Cuban family doctor Teresa Rosales has been working in Brejo da Madre de Deus (Swamp of the Mother of God) in impoverished, drought-stricken Pernambuco state in Brazil since September 2013. Patients, she reports, are grateful. They are “on their knees on the floor thanking God. They give kisses.
“What we Cuban doctors see primarily is humanity,” says compatriot Angela Zunila; “I want to help the Brazilian people improve their heath.” Now working in Canarana in Bahia, she and her physician husband served as doctors previously in South Africa and Venezuela. Their 3-year-old son remains in Cuba under his grandmother’s care.
Rosales, Zunila, and 400 other Cuban doctors arrived in Brazil in September 2013 under a bi-national agreement mediated by the Pan-American Health Organization. Some 5000 were on hand at the end of November and 2000 more arrived in mid January 2014.
They are part of Brazilian President Dilma Rousseff’s “More Doctors” program joined too by several hundred physicians from Uruguay, Argentina, Spain, and Portugal and 1096 from Brazil itself. According to Health Minister Fernando Menezes, they are serving in “areas with a low index of human development, most of whose people live in extreme poverty.” Eventually 15,000 doctors will be caring for 100 million Brazilians living in 4070 municipalities in 26 states. Opinion surveys estimate that from 74 to 85 percent of Brazilians are enthusiastic about the program.
Rousseff introduced “More Doctors” in July 2013 following nationwide protests over health care and public transportation deficiencies. Brazil’s Constitution guarantees health care for all, yet Brazil has only 1.8 doctors per 1000 persons. The U.S. rate is 2.4/1000, Argentina’s is 3.2/1000, Spain’s rate is 4.0/1000, and Cuba claims 6.7 physicians for 1000 people. Brazilian healthcare is marred by disparities in health services between rich and poor, between cities and the countryside. Almost half of Brazilians lack ready access to primary care.
Cuba was ready to respond to the Brazilian request. Medical schools there regularly graduate 10 percent more physicians than are needed at home. Beginning with Algeria in 1963, Cuba has sent no less than 134,849 doctors to 107 countries. Presently 40,000 Cuban health care providers are serving in 58 countries.
Cubans cite purposes of human solidarity, humanitarianism, and “South-South” cooperation.” Now new demands emerge related to Cuba’s efforts to steer its economy toward sustainability. Cuba is counting on resource-rich countries like Venezuela, Qatar, South Africa, and Brazil to pay for health care collaboration. The aim is partial self-sufficiency for health care at home and international medical missions.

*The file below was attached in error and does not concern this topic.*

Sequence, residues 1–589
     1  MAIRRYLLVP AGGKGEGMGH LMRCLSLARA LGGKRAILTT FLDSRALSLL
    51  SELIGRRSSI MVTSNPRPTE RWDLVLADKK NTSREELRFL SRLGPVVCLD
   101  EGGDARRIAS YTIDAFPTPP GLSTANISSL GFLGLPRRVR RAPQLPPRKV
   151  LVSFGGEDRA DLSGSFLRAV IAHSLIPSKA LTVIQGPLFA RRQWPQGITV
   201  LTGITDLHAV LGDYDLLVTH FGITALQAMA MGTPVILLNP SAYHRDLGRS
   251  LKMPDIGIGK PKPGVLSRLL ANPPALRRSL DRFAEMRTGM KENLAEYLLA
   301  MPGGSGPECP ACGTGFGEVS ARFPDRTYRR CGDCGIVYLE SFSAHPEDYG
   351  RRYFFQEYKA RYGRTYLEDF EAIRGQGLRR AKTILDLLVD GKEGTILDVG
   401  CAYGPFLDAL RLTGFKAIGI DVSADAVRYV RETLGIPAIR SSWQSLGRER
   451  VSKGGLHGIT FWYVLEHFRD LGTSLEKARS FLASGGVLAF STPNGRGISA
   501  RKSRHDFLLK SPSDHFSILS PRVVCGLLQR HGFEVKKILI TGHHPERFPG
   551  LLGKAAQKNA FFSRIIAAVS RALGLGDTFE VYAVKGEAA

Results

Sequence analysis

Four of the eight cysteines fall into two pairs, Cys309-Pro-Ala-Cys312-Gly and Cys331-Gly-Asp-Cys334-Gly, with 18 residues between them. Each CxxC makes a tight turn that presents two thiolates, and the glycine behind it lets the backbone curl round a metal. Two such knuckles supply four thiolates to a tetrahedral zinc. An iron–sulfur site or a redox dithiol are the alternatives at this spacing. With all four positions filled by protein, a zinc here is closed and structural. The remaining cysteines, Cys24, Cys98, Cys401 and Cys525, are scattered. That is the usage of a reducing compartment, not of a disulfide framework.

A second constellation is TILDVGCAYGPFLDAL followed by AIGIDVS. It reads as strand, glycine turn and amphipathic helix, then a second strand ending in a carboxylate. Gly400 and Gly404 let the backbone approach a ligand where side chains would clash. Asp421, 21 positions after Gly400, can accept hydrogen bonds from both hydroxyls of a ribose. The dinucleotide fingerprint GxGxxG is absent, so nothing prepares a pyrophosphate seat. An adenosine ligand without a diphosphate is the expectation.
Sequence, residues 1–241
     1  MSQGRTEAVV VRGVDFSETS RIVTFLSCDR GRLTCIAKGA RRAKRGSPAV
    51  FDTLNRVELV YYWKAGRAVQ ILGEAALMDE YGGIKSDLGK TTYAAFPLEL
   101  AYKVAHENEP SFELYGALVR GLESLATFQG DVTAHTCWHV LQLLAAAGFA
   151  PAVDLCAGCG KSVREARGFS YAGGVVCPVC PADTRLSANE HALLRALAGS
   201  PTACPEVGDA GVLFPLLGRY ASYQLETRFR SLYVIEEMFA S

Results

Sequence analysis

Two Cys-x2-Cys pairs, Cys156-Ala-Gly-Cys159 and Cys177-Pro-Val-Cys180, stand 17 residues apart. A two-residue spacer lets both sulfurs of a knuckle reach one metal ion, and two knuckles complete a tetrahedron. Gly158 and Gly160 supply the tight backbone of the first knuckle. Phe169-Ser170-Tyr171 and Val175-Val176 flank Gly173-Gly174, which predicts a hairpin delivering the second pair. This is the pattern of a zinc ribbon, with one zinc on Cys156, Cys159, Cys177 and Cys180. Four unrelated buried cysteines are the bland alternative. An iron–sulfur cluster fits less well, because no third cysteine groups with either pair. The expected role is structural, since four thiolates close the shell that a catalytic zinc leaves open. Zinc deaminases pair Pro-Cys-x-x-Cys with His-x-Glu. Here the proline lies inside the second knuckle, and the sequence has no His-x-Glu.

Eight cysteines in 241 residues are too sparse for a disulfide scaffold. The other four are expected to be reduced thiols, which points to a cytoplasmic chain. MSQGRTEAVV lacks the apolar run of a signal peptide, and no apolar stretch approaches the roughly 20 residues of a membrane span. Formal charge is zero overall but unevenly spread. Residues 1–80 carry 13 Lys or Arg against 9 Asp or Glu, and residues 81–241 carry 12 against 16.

Brazilian funds transferred to Cuba cover the $4200 monthly payment due on behalf of Cuban doctors slated to work in Brazil for three years. Doctors similarly involved from other countries receive the same pay. Cuba’s new sustainability ethos dictates that the government retains two thirds of that amount. Originally, Cuban doctors in Brazil were receiving room and board, plus $1000 per month, divided between $400 available at once and $600 deposited into an account in Cuba. While doctors are abroad, their families are receiving payments equivalent to their former salaries in Cuba. But these arrangements changed.
Brazilian doctors’ organizations claimed that Cuban doctors represented “slave labor” and were poorly trained. That Brazilian medical students educated in Cuba scored higher on qualifying exams helped dispel the latter notion. And as of February, 2014, the amount Cuban doctors received increased to $1245 per month, with $1000 of that delivered to them in Brazil. Relatively high living expenses in Brazil and the early departure of a few Cuban doctors may have prompted the pay hike.
In fact, Brazil’s use of Cuban doctors re-opened wounds left over from the U.S. Cuban Medical Professional Parole program (CMPP). The U.S. State Department and the Department of Homeland Security had jointly launched the program in 2006, assigning administrative tasks to the Cuban American National Foundation, a well-known sponsor of anti-Cuban terror attacks. The goal was to induce Cuban health workers on international missions to defect and, further, to score propaganda points and “undermine Cuban medical diplomacy.” Provisions of the 1965 Cuban Adjustment Act enabled defectors to gain permanent U.S. residence and expect citizenship.
During the first eight months of the “More Doctors” program,” at least 25 Cuban doctors dropped out. Most returned to Cuba, but at least two migrated to the United States under CPPP auspices. Cuban journalist José Manzaneda highlights the irony of worldwide media silence on the program itself and unrestrained news coverage of Cuban doctor Ramona Matos Rodríguez, who ended up in Miami by way of the U.S. embassy in Brasilia.
President Rousseff’s affection for the Cuban doctors is no secret. Offering Facebook commentary on an article in the Porto Alegre newspaper Zero Hora, she observed that, “They are few but are profoundly changing in Brazil the way professionals act in the area of health care and doctor-patient relations. … They are here to change the profile of preventative medicine in Brazil. They dress simply, keep their house clean, and carry their own snacks for lunch. They are systematic, dedicated to the treatment of patients, and furthermore are partygoers, like Brazilians. They are breaking the barrier of prejudices and the corporation-derived style of Brazilian professionals.”